Victoria Day like Christmas for garden centres

Ottawa Parliament Hill Dutch Tulips on time 2014

Ottawa’s famous Dutch tulips are right on time for the annual Tulip Festival, gardening guru Ed Lawrence says. (Sean Kilpatrick/The Canadian Press)

Many Canadian garden centres look forward to the Victoria Day long weekend like toy stores set their sights on Christmas. For good reason, said Almonte, Ont.-based gardening expert Ed Lawrence — it’s a great time to start planting.

“All you have to do is look outside to see that everything’s catching up,” Lawrence said, pointing out that while some plants came in later this year, others are coming up earlier.  

Spring treats, like Ottawa’s famous Dutch tulips, are right on time, Lawrence said.

As for the garden centres, Lawrence said he’s not surprised business has been slow, but expects sunny weather this weekend will boost sales.

“People aren’t going to go out and buy when it’s rainy and cold,” Lawrence said.

But if it’s sunny, garden centre employees will be “run off their feet.”

Sales slow, but customers are still there

Bill’s Garden Centre, on Toronto’s Danforth Avenue, has been in business for 30 years, but this winter has been among the worst.

“It’s pushed back the season, everything is three weeks behind,” said clerk John Lewis, who is an avid herb grower.

Lewis said the sluggish spring — Toronto’s trees are only now sprouting leaves — has hurt business, but the garden centre hasn’t lost customers. A steady stream of gardeners have passed through the shop since the sun started shining, many of them looking for the same plants as usual.

Gardeners are “creatures of habit,” Lewis said, a tough crowd that knows their pursuit is weather-dependent.

Some gardeners turn to ready-to-go flowers

Even gardeners in St. John’s, where a harsh winter with blizzard after blizzard is being followed by a blustery spring, are out in the bitter wind scouting out prime spots for vegetables.

Toronto High Park Cherry Blossoms

It took a while, but the cherry blossoms are finally out in Toronto’s High Park. (Graeme Roy/Canadian Press)

“One needs a sense of humour to garden here,” said Sarah Mills.

Mills said she’s hoping to get out in the garden this weekend to finally plant her first round of seedlings — Swiss chard, kale and brussels sprouts — which came from an organic farm.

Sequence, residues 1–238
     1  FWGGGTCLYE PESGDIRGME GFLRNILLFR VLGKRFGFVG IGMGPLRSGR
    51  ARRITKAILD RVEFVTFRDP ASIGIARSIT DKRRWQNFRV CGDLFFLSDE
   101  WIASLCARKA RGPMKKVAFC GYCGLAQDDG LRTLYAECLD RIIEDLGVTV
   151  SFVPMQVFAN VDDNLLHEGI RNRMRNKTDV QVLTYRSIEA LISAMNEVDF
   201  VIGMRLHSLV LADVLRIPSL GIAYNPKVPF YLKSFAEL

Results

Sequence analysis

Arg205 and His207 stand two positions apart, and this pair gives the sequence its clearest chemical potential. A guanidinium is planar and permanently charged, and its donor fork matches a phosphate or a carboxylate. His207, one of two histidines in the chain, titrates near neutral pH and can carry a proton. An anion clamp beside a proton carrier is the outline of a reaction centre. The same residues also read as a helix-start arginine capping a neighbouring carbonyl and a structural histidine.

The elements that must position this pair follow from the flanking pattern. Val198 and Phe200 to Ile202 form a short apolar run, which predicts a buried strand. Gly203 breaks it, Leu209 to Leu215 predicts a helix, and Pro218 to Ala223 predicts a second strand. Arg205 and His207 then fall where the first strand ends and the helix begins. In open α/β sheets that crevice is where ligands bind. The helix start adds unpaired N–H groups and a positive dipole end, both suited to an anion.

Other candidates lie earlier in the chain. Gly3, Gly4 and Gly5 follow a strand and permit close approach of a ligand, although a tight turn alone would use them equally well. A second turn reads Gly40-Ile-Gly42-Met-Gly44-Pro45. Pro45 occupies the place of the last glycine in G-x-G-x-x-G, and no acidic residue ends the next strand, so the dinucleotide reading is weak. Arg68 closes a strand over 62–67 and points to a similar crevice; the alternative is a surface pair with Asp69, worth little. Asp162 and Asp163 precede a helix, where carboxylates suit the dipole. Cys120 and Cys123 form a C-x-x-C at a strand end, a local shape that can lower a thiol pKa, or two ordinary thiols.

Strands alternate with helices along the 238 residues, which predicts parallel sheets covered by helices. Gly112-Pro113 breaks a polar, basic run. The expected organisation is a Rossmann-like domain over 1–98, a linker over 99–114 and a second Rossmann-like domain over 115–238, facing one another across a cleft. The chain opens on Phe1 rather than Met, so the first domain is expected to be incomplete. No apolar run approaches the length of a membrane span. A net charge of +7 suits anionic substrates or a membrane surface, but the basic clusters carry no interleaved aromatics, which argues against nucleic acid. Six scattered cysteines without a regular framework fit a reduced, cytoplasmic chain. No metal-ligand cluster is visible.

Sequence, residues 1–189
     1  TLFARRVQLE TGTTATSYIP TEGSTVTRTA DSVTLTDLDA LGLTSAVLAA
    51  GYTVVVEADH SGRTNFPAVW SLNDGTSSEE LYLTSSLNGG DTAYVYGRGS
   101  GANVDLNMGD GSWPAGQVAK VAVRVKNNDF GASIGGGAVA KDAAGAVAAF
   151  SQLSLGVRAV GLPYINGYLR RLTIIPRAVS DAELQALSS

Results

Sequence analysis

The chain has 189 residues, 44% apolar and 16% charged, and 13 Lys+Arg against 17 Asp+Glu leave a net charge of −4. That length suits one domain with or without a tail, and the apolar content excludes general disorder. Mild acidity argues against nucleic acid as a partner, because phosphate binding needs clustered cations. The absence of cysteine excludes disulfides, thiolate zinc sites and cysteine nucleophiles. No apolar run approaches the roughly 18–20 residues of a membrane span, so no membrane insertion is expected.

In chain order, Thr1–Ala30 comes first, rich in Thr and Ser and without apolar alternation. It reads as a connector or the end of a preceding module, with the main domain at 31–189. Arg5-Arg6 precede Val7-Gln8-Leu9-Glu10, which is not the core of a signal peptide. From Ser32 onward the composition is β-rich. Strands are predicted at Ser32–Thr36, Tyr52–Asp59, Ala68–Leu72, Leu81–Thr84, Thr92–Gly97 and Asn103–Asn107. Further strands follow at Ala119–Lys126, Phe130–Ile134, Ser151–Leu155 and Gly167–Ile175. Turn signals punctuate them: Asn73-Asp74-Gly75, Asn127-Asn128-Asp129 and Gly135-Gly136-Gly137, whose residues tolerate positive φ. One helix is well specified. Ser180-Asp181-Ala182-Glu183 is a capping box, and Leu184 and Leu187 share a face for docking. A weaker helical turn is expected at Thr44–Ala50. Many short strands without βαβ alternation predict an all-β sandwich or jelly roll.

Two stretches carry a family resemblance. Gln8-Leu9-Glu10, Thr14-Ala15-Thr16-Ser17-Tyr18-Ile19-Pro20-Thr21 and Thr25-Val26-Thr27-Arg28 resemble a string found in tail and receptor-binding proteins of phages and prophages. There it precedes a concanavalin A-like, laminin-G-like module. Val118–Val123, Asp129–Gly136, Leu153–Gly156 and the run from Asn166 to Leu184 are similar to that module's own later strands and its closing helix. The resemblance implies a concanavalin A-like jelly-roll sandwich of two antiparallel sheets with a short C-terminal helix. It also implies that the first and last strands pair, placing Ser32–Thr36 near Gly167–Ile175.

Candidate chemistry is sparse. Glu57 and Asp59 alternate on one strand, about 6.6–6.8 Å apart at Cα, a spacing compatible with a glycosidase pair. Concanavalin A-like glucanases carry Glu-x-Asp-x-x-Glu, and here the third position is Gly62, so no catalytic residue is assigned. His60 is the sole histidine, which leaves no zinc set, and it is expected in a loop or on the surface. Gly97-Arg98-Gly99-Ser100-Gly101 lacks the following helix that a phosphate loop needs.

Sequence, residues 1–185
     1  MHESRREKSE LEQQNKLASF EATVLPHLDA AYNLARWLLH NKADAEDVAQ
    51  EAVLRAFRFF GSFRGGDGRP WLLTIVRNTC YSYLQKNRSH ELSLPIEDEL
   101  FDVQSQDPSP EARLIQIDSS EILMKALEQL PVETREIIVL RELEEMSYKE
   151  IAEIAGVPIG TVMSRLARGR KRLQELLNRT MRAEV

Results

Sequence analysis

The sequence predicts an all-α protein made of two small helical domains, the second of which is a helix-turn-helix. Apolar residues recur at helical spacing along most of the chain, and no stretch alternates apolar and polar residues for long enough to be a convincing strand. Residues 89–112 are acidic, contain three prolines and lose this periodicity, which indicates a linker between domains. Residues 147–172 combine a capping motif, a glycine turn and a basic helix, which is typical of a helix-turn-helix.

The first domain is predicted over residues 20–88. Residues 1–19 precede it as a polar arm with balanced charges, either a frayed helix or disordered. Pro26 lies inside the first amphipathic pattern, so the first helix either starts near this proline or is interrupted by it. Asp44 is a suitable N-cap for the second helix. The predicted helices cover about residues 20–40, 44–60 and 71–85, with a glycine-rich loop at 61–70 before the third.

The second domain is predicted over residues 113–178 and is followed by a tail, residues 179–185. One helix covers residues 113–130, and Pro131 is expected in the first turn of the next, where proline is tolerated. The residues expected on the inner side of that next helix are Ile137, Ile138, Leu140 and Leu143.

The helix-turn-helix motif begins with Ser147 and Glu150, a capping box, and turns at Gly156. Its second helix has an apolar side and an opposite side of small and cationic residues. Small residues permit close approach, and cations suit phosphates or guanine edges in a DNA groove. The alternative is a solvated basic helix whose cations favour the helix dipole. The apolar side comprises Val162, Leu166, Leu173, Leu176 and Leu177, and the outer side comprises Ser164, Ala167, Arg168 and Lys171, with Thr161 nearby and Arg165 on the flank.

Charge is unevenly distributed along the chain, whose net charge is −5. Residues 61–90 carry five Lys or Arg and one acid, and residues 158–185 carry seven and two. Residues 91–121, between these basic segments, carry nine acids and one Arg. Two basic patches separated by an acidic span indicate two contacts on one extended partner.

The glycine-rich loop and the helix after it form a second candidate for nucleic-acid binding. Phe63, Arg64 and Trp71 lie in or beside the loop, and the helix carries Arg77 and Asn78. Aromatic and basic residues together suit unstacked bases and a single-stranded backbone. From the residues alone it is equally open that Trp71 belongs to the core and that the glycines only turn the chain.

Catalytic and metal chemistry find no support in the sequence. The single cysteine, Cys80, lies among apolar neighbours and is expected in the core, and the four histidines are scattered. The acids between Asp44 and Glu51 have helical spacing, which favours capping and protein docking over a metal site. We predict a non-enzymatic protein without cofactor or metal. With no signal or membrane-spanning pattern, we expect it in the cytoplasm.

Joining the hardcore green-thumb types is another group that could help garden centres’ bottom lines: the impatient gardeners.

At Sunnyside Garden Centre, customers have already been looking for bigger planters and flowers that are potted and ready to go — typically more expensive items.

“People like the instant, they like the easy,” Melissa Horning said.

Byland of the CNLA said those ready-to-go flowers are a definite trend in the industry, as people look for instant decorations for the short summer season. Another trend that bodes well for garden centres? June is becoming a busier month for Canadian gardeners.

By the time the fall comes, Byland said, 2014 might turn out to be a good year for the gardening business after all. 

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Tar Heel of the Week: Michelle Wallace helps Durham community garden take root

— After being plucked from the life of a typical American teenager to pick kiwi fruit on an Israeli kibbutz, Michelle Wallace might be forgiven for eschewing agriculture as a career.

Instead, the Durham County horticulture extension agent says working the land drew her in – much as it has the growing number of gardeners and urban farmers across the country in recent years.

“Our whole history started with farming, and it’s a large part of our heritage, even if it’s somewhere deep, deep down,” she says. “When you grow up on a farm, people want to forget it, but it finds you.”

Cooperative extension, established to bring the knowledge acquired at land-grant universities to the public, is celebrating its 100th anniversary this month, nationally and in North Carolina. Wallace is one of its devoted foot soldiers.